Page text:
# Straight line: Wikis

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# Encyclopedia

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Straight Lines redirects here. For the song by Silverchair released in Australia on 20 March 2007, see Straight Lines (song).
A representation of one line segment
Three lines — the red and blue lines have the same slope, while the red and green ones have same y-intercept.

In Euclidean geometry, a line is a straight curve. When geometry is used to model the real world, lines are used to represent straight objects with negligible width and height. Lines are an idealisation of such objects and have no width or height at all and are usually considered to be infinitely long. Lines are a fundamental concept in some approaches to geometry such as Euclid's, but in others such as analytic geometry and Tarski's axioms they enter as derived notions defined in terms of more fundamental primitives such as points.

A line segment is a part of a line that is bounded by two distinct end points and contains every point on the line between its end points. Depending on how the line segment is defined, either of the two end points may or may not be part of the line segment. Two or more line segments may have some of the same relationships as lines, such as being parallel, intersecting, or skew.

## Euclidean geometry

When geometry was first formalised by Euclid in Elements, he defined lines to be "breadthless length" with a straight line being a line "which lies evenly with the points on itself".[1] These definitions serve little purpose since they use terms which are not, themselves, defined. In fact, Euclid did not use these definitions in work and probably included them just to make it clear to the reader what was being discussed. In modern geometry, a line is simply taken as an undefined object with properties given by postulates.[2]

In an axiomatic formulation of Euclidean geometry, such as that of Hilbert (Euclid's original axioms contained various flaws which have been corrected by modern mathematicians),[3] a line is stated to have certain properties which relate it to other lines and points. For example, for any two distinct points, there is a unique line containing them, and any two distinct lines intersect at most one point.[4] In two dimensions, ie. the Euclidean plane, two lines which do not intersect are called parallel. In higher dimensions, two lines that do not intersect may be parallel if they are contained in a plane, or skew if they are not.

Any collection of lines partitions the plane into convex polygons; this partition is known as an arrangement of lines.

### Ray

If concept of "order" of points of a line is defined, a ray, or half-line, may be defined as well. A ray is part of a line which is finite in one direction, but infinite in the other. It can be defined by two points, the initial point, A, and one other, B. The ray is all the points in the line segment between A and B together with all points, C, on the line through A and B such that the points appear on the line in the order A, B, C.[5]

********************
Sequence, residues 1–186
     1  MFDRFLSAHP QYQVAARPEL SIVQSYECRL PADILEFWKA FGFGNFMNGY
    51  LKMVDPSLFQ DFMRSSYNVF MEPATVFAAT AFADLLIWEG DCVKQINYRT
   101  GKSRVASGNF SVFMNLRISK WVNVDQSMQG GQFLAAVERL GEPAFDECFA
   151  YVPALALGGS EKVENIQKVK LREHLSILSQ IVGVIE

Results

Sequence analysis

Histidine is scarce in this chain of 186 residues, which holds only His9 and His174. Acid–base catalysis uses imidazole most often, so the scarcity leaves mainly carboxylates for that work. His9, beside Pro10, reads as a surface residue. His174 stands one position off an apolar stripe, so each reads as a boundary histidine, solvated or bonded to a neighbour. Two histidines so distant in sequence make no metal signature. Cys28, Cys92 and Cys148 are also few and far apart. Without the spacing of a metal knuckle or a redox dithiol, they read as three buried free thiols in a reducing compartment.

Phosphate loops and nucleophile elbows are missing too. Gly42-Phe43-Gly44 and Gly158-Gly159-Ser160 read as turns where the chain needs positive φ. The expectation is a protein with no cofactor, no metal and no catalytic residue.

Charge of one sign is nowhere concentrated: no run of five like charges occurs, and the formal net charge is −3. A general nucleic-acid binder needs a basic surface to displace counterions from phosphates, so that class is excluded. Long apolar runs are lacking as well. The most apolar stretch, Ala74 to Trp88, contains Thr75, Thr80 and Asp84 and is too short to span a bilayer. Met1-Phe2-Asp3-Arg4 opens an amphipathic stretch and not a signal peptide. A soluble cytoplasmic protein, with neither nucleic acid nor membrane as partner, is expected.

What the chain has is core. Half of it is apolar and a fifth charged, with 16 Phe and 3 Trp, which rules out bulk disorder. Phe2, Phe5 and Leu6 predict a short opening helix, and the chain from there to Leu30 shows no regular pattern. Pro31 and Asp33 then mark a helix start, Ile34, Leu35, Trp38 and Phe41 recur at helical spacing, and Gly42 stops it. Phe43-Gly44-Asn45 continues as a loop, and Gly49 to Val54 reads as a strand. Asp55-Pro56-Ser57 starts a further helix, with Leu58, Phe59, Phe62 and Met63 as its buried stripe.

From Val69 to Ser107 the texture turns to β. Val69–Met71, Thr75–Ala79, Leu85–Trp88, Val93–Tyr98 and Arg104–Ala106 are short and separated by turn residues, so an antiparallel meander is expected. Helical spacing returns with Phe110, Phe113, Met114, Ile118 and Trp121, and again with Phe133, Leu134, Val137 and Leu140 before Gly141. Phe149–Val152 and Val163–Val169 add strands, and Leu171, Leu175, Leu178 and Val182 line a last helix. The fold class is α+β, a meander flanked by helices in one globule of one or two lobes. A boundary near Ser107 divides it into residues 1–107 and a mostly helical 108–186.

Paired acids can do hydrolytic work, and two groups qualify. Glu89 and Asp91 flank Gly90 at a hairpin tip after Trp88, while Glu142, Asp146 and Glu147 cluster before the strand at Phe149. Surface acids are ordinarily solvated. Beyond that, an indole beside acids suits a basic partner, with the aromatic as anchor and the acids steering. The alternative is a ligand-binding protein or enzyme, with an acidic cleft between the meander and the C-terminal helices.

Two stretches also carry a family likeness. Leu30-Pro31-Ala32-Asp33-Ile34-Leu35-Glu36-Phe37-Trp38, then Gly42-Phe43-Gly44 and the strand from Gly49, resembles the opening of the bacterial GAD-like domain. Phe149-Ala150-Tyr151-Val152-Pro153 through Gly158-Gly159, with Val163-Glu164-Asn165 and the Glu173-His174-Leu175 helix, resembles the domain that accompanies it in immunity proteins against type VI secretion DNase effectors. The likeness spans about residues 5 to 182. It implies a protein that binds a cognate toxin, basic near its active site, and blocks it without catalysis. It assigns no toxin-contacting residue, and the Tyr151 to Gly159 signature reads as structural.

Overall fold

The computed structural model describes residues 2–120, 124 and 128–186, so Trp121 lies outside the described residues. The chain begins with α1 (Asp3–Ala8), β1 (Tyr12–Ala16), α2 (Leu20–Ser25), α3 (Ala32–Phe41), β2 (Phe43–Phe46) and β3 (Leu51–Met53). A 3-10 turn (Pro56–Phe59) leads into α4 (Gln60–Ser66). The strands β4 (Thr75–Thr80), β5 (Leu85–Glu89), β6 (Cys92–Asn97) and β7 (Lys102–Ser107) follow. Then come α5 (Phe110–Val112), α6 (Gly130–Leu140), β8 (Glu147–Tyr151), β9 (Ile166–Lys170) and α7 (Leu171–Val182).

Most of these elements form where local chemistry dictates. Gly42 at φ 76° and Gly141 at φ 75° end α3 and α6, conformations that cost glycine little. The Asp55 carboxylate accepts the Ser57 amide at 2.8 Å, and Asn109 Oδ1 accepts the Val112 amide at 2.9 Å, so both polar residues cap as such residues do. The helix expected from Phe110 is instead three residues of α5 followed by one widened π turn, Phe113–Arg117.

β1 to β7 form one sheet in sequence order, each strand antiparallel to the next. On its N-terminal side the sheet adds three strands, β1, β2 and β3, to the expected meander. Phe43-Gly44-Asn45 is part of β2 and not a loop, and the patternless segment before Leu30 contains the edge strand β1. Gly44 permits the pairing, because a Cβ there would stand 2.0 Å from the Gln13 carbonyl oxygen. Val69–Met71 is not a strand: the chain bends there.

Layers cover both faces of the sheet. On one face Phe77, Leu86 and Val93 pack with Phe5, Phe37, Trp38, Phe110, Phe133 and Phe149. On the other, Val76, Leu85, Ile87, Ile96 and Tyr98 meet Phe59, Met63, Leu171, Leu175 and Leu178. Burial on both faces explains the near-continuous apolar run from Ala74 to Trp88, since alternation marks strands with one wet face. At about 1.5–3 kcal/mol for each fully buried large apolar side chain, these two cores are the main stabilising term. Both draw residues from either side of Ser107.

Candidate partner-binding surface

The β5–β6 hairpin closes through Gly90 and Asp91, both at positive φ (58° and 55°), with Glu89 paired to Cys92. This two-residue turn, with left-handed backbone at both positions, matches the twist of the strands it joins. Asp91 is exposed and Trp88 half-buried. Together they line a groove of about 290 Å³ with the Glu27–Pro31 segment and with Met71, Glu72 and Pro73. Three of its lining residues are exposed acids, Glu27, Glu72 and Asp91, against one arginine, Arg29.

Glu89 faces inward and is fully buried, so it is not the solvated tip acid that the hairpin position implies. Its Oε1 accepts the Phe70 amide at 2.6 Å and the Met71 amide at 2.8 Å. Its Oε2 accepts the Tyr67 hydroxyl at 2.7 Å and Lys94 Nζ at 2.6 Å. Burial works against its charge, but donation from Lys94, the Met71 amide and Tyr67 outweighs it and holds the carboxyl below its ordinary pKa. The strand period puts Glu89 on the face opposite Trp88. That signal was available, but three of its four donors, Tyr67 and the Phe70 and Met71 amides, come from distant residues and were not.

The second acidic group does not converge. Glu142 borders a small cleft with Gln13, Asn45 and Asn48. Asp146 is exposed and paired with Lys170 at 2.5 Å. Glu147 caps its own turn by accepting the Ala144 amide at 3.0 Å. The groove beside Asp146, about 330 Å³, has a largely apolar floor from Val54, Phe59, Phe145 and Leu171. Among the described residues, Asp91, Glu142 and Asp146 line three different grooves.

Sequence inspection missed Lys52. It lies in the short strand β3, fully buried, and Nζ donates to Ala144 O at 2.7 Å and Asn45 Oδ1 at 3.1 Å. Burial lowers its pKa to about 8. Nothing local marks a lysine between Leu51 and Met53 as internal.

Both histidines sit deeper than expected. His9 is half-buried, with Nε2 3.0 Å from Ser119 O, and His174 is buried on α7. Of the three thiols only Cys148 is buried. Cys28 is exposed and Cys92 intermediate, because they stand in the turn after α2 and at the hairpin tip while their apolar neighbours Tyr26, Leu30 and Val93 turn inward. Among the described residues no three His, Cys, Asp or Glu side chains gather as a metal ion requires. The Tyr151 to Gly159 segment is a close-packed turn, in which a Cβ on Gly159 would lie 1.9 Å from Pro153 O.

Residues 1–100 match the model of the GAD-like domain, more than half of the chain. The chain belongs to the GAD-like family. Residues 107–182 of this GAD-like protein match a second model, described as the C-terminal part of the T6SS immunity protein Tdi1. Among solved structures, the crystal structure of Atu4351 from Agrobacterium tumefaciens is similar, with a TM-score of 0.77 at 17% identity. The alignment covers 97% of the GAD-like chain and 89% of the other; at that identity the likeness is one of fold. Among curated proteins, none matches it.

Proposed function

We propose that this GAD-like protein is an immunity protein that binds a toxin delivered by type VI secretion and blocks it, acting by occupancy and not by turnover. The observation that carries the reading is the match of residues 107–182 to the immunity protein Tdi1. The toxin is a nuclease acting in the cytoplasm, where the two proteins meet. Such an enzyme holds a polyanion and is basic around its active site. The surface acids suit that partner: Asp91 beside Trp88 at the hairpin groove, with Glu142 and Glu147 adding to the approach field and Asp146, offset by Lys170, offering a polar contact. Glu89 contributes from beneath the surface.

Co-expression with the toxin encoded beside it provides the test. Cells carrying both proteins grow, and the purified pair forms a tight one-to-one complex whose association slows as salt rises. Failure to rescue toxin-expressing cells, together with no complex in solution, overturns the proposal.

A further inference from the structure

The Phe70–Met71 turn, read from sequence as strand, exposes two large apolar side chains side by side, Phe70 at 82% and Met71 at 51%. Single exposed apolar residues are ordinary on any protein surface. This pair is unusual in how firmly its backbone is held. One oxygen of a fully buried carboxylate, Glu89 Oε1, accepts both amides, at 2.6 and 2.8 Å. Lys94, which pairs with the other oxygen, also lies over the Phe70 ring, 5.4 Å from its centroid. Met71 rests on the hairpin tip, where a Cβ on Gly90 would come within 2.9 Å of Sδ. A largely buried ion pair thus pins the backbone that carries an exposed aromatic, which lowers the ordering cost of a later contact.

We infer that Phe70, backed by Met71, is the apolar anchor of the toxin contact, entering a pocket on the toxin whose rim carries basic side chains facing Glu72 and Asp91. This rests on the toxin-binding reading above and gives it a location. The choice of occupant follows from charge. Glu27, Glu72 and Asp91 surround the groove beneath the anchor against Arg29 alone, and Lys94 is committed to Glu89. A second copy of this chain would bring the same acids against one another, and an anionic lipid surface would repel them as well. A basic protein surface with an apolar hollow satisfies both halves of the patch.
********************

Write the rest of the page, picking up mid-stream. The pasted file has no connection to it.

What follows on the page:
In topology, a ray in a space X is a continuous embedding R+X. It is used to define the important concept of end of the space.

### Coordinate geometry

In coordinate geometry, lines in a Cartesian plane can be described algebraically by linear equations and linear functions. In two dimensions, the characteristic equation is often given by the slope-intercept form:

$y = mx + b \,$

where:

m is the slope of the line.
b is the y-intercept of the line.
x is the independent variable of the function y.

In three dimensions, a line is described by parametric equations:

$x = x_0 + at \,$
$y = y_0 + bt \,$
$z = z_0 + ct \,$

where:

x, y, and z are all functions of the independent variable t.
x0, y0, and z0 are the initial values of each respective variable.
a, b, and c are related to the slope of the line, such that the vector (a, b, c) is a parallel to the line.

In R2, every line L is described by a linear equation of the form

$L=\{(x,y)\mid ax+by=c\} \,$

with fixed real coefficients a, b and c such that a and b are not both zero (see Linear equation for other forms). Important properties of these lines are their slope, x-intercept and y-intercept. The eccentricity of a straight line is infinity.

### Euclidean space

In Euclidean space Rn (and analogously in all other vector spaces), we define a line L as a subset of the form

$L = \{\mathbf{a}+t\mathbf{b}\mid t\in\mathbb{R}\}$

where a and b are given vectors in Rn with b non-zero. The vector b describes the direction of the line, and a is a point on the line. Different choices of a and b can yield the same line.

## Projective geometry

In projective geometry, a line is similar to that in Euclidean geometry but has slightly different properties. In many models of projective geometry, the idea of the line rarely conforms to the notion of the "straight curve" as it is visualised in Euclidean geometry. The Poincaré half-plane model is a typical example of this.

## Geodesics

The "straightness" of a line, interpreted as the property that it minimizes distances between its points, can be generalized and leads to the concept of geodesics on differentiable manifolds.

## Notes

1. ^ Faber, Appendix A, p. 291.
2. ^ Faber, Part III, p. 95.
3. ^ Faber, Part III, p. 108.
4. ^ Faber, Appendix B, p. 300.
5. ^ Faber, Appendix B, p. 303.

## References

• Faber, Richard L. (1983). Foundations of Euclidean and Non-Euclidean Geometry. New York, United States: Marcel Dekker. ISBN 0-8247-1748-1.